As a Judge Sir William has shown himself strong, ready, and always able to take a firm grasp of any case before him in all of its aspects. He relies entirely upon himself, forms and adheres very strongly to his own opinion, and seeks always to be final, complete, and sufficient in the decision of the Court over which he presides. Yet he is not insensible to the spirit of the times, and his and the popular judgment of a case are often found to coincide. It will be remembered of him that he tried the gas stokers and sentenced Colonel Baker; but he is able, frank, urbane, good-natured, well with Society, and an intimate friend of the Chancellor; and under circumstances he may become Chief-Justice.

William Baliol Brett (1815-99) was indeed “sent through” Westminster and Lincoln’s Inn, but not Oxford. He was a Caius man, an accomplished boxer, known there as “Bella Brett” for his silk waistcoats. He rowed three years for the C.U.B.C: against Leander in 1837 and 1838, when that club was still based in London, and against Oxford in 1839 for the third Boat Race (the first for the newly-formed O.U.B.C.). He also won the Grand at Henley in 1841 as stroke for the “Cambridge Subscription Rooms,” a London-based private club for Cantabs.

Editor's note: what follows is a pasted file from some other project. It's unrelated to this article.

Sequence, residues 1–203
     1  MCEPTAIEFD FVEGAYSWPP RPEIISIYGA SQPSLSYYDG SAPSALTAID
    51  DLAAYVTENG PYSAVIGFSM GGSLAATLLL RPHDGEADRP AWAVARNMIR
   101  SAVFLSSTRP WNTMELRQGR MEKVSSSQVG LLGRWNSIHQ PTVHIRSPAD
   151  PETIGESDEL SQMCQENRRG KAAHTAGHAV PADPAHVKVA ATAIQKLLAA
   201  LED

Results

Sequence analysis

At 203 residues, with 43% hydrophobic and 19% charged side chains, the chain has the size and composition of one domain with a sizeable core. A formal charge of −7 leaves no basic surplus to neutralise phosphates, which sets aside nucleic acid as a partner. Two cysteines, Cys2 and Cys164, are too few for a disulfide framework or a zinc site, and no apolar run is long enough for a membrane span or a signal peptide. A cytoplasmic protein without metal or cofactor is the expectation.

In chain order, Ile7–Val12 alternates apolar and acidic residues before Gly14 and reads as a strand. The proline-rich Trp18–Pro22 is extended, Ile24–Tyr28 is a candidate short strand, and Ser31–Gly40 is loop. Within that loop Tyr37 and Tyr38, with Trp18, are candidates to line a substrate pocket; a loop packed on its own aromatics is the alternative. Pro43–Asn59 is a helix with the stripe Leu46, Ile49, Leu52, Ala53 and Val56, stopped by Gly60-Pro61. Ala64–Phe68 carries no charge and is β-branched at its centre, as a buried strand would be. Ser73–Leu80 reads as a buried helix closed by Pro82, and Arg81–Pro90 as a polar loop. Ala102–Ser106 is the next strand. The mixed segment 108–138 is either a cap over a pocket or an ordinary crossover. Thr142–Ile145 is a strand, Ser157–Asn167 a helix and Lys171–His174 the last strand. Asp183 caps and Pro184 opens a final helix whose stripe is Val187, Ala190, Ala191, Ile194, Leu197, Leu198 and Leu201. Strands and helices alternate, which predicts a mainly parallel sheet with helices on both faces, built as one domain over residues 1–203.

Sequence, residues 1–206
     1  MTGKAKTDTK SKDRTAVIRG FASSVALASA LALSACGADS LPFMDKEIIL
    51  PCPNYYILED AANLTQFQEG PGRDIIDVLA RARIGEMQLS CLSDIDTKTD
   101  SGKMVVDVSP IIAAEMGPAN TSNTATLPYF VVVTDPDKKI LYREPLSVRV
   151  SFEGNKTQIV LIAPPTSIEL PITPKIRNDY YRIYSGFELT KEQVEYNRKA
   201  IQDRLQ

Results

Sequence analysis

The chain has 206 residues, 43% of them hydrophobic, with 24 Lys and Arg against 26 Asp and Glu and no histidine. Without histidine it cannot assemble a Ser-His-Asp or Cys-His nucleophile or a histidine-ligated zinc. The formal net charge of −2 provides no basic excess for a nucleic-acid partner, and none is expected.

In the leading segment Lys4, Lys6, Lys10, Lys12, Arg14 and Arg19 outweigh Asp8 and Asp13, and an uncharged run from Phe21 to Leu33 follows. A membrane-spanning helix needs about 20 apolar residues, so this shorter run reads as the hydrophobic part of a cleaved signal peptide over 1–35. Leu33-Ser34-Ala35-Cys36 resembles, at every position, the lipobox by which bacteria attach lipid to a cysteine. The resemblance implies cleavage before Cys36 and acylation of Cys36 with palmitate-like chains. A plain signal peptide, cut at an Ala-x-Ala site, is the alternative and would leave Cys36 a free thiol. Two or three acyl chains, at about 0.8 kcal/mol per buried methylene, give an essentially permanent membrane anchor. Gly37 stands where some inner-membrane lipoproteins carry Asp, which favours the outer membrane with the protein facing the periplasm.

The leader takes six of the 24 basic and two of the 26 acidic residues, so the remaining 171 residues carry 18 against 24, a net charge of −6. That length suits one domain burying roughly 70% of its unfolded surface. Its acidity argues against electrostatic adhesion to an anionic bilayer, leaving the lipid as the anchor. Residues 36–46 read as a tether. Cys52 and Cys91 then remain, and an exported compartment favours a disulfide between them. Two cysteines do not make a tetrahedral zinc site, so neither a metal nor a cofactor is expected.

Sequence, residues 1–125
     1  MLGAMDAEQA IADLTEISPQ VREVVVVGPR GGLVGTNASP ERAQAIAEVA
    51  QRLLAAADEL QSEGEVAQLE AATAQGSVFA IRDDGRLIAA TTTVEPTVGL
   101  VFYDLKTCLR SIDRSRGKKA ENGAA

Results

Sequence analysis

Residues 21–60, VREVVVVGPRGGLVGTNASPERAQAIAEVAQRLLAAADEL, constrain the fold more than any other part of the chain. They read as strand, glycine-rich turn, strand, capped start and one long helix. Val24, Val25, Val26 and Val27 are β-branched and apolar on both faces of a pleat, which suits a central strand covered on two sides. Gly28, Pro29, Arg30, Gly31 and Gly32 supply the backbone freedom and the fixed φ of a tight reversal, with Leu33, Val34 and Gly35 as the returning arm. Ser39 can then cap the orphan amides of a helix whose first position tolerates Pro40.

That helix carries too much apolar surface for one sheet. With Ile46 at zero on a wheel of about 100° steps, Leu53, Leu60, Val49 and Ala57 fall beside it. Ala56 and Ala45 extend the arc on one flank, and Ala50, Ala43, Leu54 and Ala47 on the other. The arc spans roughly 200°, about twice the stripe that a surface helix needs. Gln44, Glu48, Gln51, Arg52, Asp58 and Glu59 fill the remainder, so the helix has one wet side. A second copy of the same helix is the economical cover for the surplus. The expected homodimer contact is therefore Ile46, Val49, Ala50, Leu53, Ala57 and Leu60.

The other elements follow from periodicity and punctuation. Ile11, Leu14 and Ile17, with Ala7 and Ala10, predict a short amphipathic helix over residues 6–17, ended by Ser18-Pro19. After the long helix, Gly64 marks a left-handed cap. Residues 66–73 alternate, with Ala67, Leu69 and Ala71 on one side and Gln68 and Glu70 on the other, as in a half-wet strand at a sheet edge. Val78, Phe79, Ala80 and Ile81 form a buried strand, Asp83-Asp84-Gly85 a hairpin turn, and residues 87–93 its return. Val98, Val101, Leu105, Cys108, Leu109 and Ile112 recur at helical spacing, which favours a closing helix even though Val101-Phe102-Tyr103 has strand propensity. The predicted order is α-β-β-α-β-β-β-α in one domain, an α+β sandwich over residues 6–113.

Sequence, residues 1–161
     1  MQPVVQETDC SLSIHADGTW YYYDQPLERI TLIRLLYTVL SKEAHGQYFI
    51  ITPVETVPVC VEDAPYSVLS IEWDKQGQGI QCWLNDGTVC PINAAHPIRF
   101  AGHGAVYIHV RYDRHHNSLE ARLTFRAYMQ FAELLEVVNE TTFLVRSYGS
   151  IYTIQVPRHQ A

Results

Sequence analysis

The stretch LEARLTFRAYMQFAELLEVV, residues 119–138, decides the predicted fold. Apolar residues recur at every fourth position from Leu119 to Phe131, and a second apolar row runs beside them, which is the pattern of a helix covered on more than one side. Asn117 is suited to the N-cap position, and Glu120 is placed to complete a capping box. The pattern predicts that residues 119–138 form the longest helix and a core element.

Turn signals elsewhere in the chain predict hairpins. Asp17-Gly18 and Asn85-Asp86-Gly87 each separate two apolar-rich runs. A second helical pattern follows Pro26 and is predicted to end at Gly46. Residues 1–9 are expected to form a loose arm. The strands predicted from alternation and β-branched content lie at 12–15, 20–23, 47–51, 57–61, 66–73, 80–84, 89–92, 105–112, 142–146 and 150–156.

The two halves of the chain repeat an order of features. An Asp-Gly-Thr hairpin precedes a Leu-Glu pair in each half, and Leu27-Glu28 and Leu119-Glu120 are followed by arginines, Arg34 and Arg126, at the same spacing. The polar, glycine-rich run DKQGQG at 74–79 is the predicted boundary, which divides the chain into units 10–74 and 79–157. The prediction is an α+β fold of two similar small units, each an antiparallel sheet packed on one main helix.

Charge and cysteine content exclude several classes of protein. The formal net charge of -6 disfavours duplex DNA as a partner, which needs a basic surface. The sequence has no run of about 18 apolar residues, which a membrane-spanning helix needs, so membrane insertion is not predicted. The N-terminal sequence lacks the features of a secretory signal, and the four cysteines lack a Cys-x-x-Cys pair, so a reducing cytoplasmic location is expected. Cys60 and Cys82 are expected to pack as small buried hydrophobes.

Though Vanity Fair mistook Oxford for Cambridge in Brett’s background and omitted his rowing exploits entirely, it did fairly well project his later career. Within months of his 1876 appearance in Vanity Fair, Brett was elevated to the court of appeals (the Appellate Jurisdiction Act of 1876 having opened the slot at a convenient time) and in 1883 became Master of the Rolls. He became Baron Esher of Surrey in 1885 and on retirement in 1897 was made Viscount Esher, the highest dignity for judicial service since the time of Coke attained by any judge other than a chancellor. He died May 24, 1899, two months after his grandson and fellow rower of Vanity Fair, William Dudley-Ward, rowed No. 7 in the Cambridge crew that ended a nine-year run by Oxford in the Boat Race.